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From "Dennis E. Hamilton" <>
Subject RE: Off topic
Date Sun, 18 Dec 2011 21:52:35 GMT
I'm reluctant to add any chaff to the threads that are running around here.

Yet, related to Jean's point, it is important to internalize that here in Apache territory,
forking is a feature, not a failure.

It might be a failure of someone's ambitions, but that is for them to sort out.  Adopting
an Open Source development and licensing model has built-in consequences.  It is the nature
of the beast.

If there is some measure that failed to be achieved, it would be useful to know whether that
is *our* measure and what are the lessons learned.  And forking will remain a feature.

 - Dennis


Under the Corporate Governance that nurtured, there was considerable investment
and especially undertakings provided with paid staffs and budgets (including, especially,
marketing perhaps).  There was also ownership of the copyright.

Now, by virtue of the copyright ownership, the Apache OpenOffice project is possible.  

But the absence of the corporate governance and the resources and facilities it provided,
there is much that needs to be backfilled or recovered in some other manner.  Some of those
missings (dare I mention marketing again) involved spending money and it is in the nature
of the Apache Software Foundation that such spending by ASF is rather (dare I say "extremely")
unlikely, and project-external efforts are the alternative.  That is likewise the case for
the way Team was connected to in the past, along with other
"NGOs" that collected donations for whatever purpose.  And if developers here have paid support,
it is not from Apache, but external sources.  So be it.

There are different opportunities for down-/side-stream undertakings that are prepared to
play nice with Apache releases and the Apache OpenOffice project.  It takes out-of-the-box
creative thinking.  Here, past is not so much prologue.

-----Original Message-----
From: Rob Weir [] 
Sent: Sunday, December 18, 2011 13:00
Subject: Re: Off topic

On Sun, Dec 18, 2011 at 3:33 PM, Jean Weber <> wrote:
> On Mon, Dec 19, 2011 at 05:48, Rob Weir <> wrote:
>> On Sun, Dec 18, 2011 at 2:21 PM, Rory O'Farrell <> wrote:
>>> On Sun, 18 Dec 2011 13:31:19 -0500
>>> Rob Weir <> wrote:
>>>> On Sun, Dec 18, 2011 at 12:59 PM, Ian Lynch
>>>> <> wrote:
>>>> <snip>
>>>> > Well one thing that definitely didn't work in the past was
>>>> > alienating community members with ill-thought out arguments
>>>> > no matter how logical those arguments might appear to an
>>>> > individual. The community is made of people with emotions and
>>>> > that is why brute logic is often a very ineffective tool.
>>>> >
>>>> And the community is also made up of members who think
>>>> logically. Emotional responses, denying inconvenient truths,
>>>> reinventing history, and other tribal responses are ineffective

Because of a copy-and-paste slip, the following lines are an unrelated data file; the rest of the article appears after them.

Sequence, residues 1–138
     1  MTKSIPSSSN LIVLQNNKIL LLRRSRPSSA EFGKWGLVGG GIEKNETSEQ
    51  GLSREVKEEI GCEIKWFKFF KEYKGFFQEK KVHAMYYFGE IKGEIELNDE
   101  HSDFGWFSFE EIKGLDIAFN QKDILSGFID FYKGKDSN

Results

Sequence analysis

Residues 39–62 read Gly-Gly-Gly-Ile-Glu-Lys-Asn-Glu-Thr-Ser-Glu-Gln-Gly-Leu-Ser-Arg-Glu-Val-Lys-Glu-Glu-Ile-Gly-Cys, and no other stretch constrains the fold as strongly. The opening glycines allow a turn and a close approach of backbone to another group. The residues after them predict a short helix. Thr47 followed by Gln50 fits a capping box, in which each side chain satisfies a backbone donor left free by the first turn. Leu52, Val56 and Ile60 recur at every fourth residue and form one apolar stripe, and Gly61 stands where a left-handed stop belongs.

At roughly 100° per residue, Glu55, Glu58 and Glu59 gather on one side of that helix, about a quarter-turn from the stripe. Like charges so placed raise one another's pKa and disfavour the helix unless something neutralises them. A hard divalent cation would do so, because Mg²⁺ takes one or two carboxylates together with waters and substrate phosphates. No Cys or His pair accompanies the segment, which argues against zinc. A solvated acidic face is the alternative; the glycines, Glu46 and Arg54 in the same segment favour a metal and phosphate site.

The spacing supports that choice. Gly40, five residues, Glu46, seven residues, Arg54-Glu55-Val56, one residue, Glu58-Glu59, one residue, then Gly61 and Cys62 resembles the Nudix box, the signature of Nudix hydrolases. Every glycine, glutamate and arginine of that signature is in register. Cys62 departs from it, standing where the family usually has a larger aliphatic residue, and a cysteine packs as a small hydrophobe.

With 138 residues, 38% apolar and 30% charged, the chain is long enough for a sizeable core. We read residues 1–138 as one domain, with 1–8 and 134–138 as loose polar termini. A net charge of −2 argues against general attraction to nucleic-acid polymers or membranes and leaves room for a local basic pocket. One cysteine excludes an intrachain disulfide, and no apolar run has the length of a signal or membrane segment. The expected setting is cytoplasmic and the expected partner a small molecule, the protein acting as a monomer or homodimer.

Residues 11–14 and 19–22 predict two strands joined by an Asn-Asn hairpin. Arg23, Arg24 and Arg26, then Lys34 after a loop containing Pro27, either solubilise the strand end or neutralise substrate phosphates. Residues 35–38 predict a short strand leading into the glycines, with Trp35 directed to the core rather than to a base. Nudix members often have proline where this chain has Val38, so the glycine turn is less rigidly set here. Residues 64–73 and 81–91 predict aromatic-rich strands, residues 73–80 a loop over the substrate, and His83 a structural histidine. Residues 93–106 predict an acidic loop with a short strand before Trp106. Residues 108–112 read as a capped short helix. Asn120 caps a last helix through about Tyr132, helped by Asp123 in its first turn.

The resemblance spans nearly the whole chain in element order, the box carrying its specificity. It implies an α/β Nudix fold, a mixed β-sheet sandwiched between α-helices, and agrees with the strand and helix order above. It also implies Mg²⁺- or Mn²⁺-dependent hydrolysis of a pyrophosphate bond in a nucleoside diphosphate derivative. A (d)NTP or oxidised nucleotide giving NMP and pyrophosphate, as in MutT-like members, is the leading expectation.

>>>> tools that can also alienate community members.
>>>> -Rob
>>> Quite honestly I am astounded at the amount of infighting and
>>> petty point-scoring that goes on on the Apache OpenOffice
>>> lists.  Are you grown, rational beings, or sub teen children?
>>> Get your act together, or the AOOo project is doomed.
>> So what point are you trying to score with, Rory?  What were you
>> trying to accomplish with your name calling?  What are you adding to
>> the conversation?
>> I think part of the problem is that some members of this list do not
>> appreciate the fact that the growth of this project is not going to
>> occur exclusively or even predominately from legacy OOo participants.
>> Growth is going to come from:
>> 1) Re-engaging with legacy OOo participants who did not go over to LibreOffice.
>> 2) Engaging those who were never involved in OOo in the first place.
>> 3) Encouraging LibreOffice participants to get engaged.
>> Each of these groups come with a different perspective and a different
>> set of concerns.  But I think it is obvious that categories 2) and 3)
>> are not going to be very receptive to assertions that the legacy
>> project was entirely wonderful, free from problems and should be
>> emulated in all respects.  In fact, such an attitude will raise red
>> flags with them and discourage them from getting involved.
>> I understand that needless and senseless criticism of the legacy
>> project will also be a turn-off for category 1).  So let's not do
>> that.  But let's not make the opposite mistake either.  Let's have an
>> honest dialog about what went well and what didn't.  We all know that
>> the situation was bad enough that large numbers of volunteers went to
>> LibreOffice.  If we ignore that fact or just say that this was done
>> for illogical or non-consequential reasons, then we're not being
>> honest with ourselves and will not be making the necessary changes to
>> improve.
>> -Rob
> To many people, there is a major difference between talking about
> "what went well and what didn't" (or "what worked and what didn't")
> and calling something a "failure". The latter term typically leads to
> the sort of unhelpful discussion recently seen on this thread; the
> former is far more likely to elicit constructive discussion.

Failure is an outcome, or at least a way of labeling an outcome.
Maybe not the only way of describing it.  There may be other,
euphemistic ways to describe the outcome that consists of a large
portion of the community leaving for LibreOffice and the corporate
sponsor pulling out and laying off the core engineering staff for that
project.  We could call it a "transition",a "temporary setback", a
"challenge", an "opportunity" a "reboot", or whatever you wish.

But whatever you call it, the outcome was not good and we should be
sure we understand and avoid reinstitutionalizing the same causes.

If someone has a recommended euphemism, please let me know and I will
adopt it in future.


> --Jean

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